Skincare

Retinol/Retinoids - What are they and how to use them?

Retinol/Retinoids - What are they and how to use them?
Medically reviewed by  Qure Skincare Admin Written by Our Editorial Team Last updated  

There is one skincare ingredient that can fix almost everything on your skin - from acne and acne scars to dark spots and wrinkles, and that is Retinol. There's a ton of scientific research about it which proves that it can actually reverse all kinds of skin damage.

What is Retinol?

Retinoids are a group of ingredients that are derived from vitamin A, and Retinol is just one type of Retinoid.

Vitamin A is considered an essential vitamin which our bodies needed to function properly. It's something that we need for good eyesight, growth, development, and for healthy skin. Our bodies don't make it so we have to include it in our food, and in our skincare products.

What can Retinoid do for your skin?
  • They get rid of acne by preventing clogs that start pimples;
  • They slow down - or even reverse the signs of aging by speeding up the process of shedding old skin cells, and the generation of new ones.
  • They stimulate collagen production, which binds the skin together and gives it a nice, firm, plump look.

Both retinol and retinoids are vitamin A derivatives that ultimately get converted into retinoic acid. Retinoids is a basic umbrella term for both over-the-counter retinols and prescription retinoids.

In terms of retinoic acid, there's a couple of main types that are out there. The first one is called Tretinoin. It is primarily prescribed for acne, but it also helps with major signs of aging - from dark spots to wrinkles. It improves skin cell turnover, removes sebum from the duct, and helps with acne a lot. It's used in very tiny concentrations, because like any medication, it has a bunch of side effects. It's very strong so your skin will experience redness, irritation, dryness, and all kinds of other symptoms as you get used to it.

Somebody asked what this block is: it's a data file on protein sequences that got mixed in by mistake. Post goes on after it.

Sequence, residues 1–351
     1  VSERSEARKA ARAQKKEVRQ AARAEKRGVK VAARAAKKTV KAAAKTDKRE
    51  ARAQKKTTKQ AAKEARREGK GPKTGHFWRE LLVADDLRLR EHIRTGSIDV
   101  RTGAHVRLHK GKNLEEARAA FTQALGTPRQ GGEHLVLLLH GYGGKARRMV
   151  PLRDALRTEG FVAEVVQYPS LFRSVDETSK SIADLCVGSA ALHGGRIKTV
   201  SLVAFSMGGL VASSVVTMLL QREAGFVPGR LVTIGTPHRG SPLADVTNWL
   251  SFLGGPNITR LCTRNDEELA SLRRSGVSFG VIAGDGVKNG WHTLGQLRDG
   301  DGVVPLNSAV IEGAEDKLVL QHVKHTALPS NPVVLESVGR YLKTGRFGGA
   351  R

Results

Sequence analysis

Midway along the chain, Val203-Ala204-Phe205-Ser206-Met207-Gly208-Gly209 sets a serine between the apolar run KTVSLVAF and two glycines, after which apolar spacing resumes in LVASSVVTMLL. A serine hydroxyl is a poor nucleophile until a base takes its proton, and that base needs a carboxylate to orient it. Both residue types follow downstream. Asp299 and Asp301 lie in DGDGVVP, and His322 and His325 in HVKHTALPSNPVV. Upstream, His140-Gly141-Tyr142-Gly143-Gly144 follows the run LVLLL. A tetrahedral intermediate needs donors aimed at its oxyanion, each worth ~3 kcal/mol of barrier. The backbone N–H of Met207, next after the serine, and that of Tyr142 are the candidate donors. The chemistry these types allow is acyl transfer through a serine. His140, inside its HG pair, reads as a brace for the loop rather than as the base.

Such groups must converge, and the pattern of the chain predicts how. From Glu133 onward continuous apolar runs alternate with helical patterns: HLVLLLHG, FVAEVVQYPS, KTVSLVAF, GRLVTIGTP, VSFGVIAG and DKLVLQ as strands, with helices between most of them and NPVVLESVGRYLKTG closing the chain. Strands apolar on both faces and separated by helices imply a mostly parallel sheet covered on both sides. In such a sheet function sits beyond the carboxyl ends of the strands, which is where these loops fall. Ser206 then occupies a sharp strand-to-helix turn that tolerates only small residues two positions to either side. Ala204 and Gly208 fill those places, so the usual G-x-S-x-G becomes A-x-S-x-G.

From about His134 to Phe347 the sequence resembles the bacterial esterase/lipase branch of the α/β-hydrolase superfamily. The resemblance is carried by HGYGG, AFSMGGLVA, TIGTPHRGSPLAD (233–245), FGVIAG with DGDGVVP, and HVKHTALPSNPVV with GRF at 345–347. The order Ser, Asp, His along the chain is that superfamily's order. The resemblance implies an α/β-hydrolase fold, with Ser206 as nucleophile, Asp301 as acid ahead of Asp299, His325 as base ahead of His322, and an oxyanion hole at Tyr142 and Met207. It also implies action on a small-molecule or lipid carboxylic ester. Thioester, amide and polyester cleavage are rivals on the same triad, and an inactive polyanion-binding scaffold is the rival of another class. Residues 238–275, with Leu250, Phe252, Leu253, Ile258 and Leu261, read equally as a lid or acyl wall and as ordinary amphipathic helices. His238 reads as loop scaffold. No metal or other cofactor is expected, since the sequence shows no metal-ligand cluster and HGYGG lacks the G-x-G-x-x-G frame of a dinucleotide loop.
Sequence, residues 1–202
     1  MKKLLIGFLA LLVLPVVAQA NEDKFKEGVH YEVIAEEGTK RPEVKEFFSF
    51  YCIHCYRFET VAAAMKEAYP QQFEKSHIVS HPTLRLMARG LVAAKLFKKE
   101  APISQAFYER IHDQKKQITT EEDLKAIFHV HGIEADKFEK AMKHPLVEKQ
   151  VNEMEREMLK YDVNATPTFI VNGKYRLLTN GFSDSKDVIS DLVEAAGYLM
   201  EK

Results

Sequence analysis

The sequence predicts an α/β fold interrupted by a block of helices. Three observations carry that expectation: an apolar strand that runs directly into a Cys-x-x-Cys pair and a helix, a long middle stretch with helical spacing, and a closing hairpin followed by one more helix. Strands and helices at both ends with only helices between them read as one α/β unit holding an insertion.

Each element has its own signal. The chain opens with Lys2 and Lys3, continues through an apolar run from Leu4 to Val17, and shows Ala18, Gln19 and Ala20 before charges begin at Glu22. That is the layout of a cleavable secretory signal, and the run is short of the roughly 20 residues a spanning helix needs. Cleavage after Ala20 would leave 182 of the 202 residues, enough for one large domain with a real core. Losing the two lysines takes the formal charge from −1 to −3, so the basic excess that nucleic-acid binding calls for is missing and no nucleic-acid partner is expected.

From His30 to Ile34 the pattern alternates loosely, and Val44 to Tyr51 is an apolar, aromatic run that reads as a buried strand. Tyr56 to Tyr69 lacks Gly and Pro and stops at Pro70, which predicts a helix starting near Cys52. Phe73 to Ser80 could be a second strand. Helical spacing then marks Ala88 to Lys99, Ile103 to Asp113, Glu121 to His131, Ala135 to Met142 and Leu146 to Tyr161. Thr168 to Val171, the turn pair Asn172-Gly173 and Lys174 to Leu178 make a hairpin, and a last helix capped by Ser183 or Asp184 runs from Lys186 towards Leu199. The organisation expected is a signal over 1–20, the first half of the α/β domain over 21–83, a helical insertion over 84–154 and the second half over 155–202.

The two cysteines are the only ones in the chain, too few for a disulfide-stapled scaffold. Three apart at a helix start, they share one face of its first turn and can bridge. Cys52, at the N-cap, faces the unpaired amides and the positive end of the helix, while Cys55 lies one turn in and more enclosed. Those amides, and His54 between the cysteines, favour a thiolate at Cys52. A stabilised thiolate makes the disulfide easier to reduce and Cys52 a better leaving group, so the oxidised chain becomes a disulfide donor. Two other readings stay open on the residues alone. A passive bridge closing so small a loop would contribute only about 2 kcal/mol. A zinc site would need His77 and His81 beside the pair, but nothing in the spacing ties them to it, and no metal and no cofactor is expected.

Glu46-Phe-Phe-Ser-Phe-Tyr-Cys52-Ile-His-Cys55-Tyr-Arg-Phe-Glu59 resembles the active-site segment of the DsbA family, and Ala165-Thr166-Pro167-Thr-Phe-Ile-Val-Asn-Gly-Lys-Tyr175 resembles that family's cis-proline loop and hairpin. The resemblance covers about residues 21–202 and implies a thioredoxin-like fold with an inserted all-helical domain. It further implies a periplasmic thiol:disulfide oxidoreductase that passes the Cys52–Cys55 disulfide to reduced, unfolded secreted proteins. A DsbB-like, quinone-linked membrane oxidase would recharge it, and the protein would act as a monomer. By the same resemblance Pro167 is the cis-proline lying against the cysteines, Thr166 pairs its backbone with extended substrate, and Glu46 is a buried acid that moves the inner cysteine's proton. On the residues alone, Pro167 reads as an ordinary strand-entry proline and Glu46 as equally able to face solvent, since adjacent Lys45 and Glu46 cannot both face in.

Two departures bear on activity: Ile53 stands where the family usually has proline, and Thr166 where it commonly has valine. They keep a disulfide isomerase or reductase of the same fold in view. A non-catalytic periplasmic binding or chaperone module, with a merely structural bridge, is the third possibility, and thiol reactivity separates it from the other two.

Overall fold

Another type of popular retinoic acid is called isotretinoin - which helps with acne. It works by shrinking the oil glands in the skin so it doesn't produce as much oil, which is a major reason for acne to form.

Retinol works more gradually compared to retinoids due to their difference in molecular structure and how they are processed in the skin. Over-the-counter retinols are in ester forms like retinyl palmitate, retinyl linoleate, retinaldehyde, propionic acid, or retinyl acetate. It takes more steps for these ester forms to be converted to the active retinoic acid. The more conversions, the ‘weaker’ the product. While retinoids and retinol do exactly the same thing, it typically takes longer to see results from retinols compared to retinoids.

Additionally, OTC retinols are often combined with other ingredients, such as moisturizing ingredients, to minimize dryness/irritation, add antioxidants, or brighten the skin. This makes them more palatable to the skin, but it also means that some products may have trace amounts of retinol in the bottle.

What can Retinoid do for your skin?

You will likely deal with irritation, dryness, redness, and even peeling. So at the beginning, use it two days a week for at least a couple of weeks, and then gradually increase to three days, and then every other day - until your skin gets used to it.

For both retinol and prescription retinoids, it is recommended that you only use them in your nighttime routine, as sunlight breaks down retinoic acid. They should be applied to clean, dry skin after toner (if you use toner, that is).

The bottom line is, it is best to speak with a dermatologist to determine if your skin can tolerate retinoids or if retinol is a safer bet. Always remember to apply them only at night, and sandwich it with a gentle cleanser and moisturizer.

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